Denki In Seattle – The ‘Casual’ Connect Conference

Last week, following my trip to Brighton, I represented Denki at the conference I know only as “Connect“. I hadn’t attended for a couple of years, so the first thing I noticed was that there were far more attendees, but at the same time there were lots of familiar faces. Anyway, I was primarily there to check out some sessions and have a couple of meetings – no impassioned calls for the banning of any words from me. Not in public, at least…

There were some really good sessions, notably the three keynotes from Jeremy Lewis of Big Fish Games, Tom Prata of Nintendo and Dave Roberts of PopCap.

Jeremy talked about the importance of company culture, of setting lofty goals and of expanding the audience for games. It was quite an intense talk, fairly personal to begin with, and I think some people found it quite heavy going for 9am on the first morning. However, everything said made a lot of sense, and as you might imagine, resonated strongly for a Denkian like myself.

Tom (Nintendo being the poster-child of audience expansion of course) talked about the “Miyamoto Method” of game design. This was similar to the talk Nintendo gave at GDC earlier in the year, but this time they showed off the prototype they made for the Wii version Punch Out! It was like looking at one of our own prototypes (or vertical slices, if you prefer) – it wasn’t just trialling a control system, it was a complete experience. You had to punch a robot trainer wherever it lit up, but if you were too slow, the robot would fight back. There were rounds, visual effects, sound, and a satisfactory ending to the game. They talked about finding the universal theme for a game, rather than aiming at a demographic. For example, Nintendogs was aimed at everyone who likes puppies.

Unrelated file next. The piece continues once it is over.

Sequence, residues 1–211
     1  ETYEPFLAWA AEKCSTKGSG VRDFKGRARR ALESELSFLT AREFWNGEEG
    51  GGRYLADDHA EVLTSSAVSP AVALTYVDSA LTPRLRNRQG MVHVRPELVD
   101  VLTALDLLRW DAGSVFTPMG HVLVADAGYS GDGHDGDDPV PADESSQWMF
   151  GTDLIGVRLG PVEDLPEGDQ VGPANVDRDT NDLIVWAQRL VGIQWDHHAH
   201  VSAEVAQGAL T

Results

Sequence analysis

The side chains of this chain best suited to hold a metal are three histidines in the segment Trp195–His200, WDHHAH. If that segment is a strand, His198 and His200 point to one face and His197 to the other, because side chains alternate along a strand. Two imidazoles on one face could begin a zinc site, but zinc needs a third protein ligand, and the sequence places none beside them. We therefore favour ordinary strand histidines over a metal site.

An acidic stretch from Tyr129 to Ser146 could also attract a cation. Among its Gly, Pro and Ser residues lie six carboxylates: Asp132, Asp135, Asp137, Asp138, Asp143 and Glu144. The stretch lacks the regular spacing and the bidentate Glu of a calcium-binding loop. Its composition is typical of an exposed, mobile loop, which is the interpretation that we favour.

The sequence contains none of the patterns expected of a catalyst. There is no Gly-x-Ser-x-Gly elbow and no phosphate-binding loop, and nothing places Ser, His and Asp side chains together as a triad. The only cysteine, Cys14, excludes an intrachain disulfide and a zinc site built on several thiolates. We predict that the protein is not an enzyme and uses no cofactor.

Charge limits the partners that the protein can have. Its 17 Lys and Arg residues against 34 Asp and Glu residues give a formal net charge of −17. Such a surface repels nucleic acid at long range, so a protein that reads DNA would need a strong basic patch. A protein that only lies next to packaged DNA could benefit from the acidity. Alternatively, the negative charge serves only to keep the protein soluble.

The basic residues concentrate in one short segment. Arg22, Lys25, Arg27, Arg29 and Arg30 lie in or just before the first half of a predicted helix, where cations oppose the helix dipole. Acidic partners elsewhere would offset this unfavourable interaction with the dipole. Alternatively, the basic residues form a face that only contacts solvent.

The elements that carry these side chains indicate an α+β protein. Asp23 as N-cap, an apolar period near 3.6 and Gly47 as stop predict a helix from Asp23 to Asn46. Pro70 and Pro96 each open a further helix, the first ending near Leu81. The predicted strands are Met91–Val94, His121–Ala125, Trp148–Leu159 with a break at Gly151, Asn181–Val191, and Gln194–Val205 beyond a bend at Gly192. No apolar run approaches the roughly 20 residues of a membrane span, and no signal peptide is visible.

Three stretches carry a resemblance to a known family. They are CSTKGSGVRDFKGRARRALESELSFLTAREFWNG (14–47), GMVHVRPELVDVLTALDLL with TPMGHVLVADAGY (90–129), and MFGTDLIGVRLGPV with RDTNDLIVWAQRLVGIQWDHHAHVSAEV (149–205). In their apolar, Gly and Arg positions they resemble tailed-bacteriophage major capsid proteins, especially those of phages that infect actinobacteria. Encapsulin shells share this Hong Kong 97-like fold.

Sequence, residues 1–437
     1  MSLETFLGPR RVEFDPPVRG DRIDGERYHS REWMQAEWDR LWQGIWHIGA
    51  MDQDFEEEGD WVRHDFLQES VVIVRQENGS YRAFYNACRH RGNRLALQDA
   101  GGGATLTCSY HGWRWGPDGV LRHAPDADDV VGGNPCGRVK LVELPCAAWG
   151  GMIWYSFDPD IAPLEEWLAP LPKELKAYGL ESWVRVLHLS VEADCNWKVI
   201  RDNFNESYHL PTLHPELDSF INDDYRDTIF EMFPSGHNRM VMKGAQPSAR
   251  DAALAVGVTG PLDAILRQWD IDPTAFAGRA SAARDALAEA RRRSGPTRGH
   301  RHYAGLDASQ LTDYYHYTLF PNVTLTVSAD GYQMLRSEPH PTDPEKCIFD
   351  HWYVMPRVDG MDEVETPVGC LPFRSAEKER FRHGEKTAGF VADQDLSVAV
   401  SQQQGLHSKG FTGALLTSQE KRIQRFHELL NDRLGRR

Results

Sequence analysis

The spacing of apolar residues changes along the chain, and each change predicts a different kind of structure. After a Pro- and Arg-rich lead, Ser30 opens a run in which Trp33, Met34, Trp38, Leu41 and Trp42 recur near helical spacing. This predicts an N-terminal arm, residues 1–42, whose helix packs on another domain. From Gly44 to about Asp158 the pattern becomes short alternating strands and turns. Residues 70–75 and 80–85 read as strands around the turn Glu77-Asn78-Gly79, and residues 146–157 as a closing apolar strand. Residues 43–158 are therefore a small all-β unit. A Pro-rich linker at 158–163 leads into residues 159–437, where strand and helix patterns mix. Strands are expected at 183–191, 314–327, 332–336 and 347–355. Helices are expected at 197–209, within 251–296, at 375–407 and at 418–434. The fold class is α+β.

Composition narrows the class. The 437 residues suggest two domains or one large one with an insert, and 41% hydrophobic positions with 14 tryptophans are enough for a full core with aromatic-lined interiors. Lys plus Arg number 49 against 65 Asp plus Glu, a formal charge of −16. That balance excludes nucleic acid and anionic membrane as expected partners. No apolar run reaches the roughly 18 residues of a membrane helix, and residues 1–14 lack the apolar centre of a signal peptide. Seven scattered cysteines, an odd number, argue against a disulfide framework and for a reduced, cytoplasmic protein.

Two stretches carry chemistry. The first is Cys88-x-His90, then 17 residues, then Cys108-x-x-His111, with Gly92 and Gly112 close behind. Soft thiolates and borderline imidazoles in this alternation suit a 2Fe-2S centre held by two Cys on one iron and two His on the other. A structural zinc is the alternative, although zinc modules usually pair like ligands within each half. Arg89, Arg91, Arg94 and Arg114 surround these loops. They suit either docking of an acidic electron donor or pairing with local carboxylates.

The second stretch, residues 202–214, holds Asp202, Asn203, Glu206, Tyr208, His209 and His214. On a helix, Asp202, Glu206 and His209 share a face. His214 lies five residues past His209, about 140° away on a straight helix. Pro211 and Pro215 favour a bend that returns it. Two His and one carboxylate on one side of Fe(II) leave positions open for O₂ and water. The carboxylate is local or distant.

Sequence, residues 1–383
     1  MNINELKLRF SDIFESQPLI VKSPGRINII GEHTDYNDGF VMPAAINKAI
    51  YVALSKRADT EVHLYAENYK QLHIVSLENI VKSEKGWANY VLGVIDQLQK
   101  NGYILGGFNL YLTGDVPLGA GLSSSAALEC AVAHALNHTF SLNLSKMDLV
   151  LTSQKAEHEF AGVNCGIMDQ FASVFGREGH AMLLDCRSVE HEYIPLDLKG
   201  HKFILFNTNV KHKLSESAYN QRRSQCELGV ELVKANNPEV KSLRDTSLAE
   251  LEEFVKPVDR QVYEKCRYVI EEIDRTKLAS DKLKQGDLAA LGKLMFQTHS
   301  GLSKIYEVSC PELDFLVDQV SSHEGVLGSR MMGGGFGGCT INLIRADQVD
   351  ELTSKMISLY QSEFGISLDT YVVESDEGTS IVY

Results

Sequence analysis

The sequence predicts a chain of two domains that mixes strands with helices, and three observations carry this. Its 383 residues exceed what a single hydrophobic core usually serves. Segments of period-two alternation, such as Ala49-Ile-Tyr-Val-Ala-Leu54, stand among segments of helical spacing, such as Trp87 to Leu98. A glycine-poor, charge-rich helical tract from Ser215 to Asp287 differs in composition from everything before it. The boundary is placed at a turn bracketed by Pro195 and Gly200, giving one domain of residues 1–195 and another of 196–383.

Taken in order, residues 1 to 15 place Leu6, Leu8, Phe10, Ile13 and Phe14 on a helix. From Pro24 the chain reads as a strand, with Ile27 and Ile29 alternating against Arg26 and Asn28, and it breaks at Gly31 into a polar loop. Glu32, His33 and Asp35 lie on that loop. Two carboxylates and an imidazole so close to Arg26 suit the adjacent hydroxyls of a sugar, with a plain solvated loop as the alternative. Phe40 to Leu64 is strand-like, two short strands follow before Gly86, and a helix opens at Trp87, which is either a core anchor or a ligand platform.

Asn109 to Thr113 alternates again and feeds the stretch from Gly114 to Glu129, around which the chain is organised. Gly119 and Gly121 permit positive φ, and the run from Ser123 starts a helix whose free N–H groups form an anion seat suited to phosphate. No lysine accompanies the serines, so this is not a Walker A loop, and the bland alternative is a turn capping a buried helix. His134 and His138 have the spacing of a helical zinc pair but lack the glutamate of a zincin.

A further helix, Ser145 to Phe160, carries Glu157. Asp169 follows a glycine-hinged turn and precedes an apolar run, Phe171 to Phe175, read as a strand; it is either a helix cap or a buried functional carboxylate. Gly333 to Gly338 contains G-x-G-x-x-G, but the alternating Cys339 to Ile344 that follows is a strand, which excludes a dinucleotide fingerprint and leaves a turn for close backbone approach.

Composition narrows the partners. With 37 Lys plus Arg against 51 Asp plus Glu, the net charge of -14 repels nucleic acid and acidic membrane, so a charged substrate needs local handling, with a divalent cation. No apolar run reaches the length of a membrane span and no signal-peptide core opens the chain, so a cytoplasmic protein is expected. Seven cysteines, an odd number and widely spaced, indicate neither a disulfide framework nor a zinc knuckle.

Dave gave a talk with a similar theme to my own at Develop, about how we should ignore the labels of ‘casual’ and ‘hardcore’, and just concentrate on making games that appeal to people. His point was that for all the people who do now play games, there’s still a massive untapped audience of non-players. How can we make games that will appeal to those people? What’s going to draw them in and keep them engaged?

All in all, a very useful conference, even if I do disagree with all the segmentation that’s going on! One key improvement that could be made to Casual Connect, Develop and many other conferences is that, despite the pleas of the keynote speakers, there simply aren’t enough sessions focused on making games that are fun. I want to learn more from companies that have made hit games as to why they think they have had hit games (beyond marketing considerations) – of course, that would mean they’d need to understand why, but that’s a discussion for another time…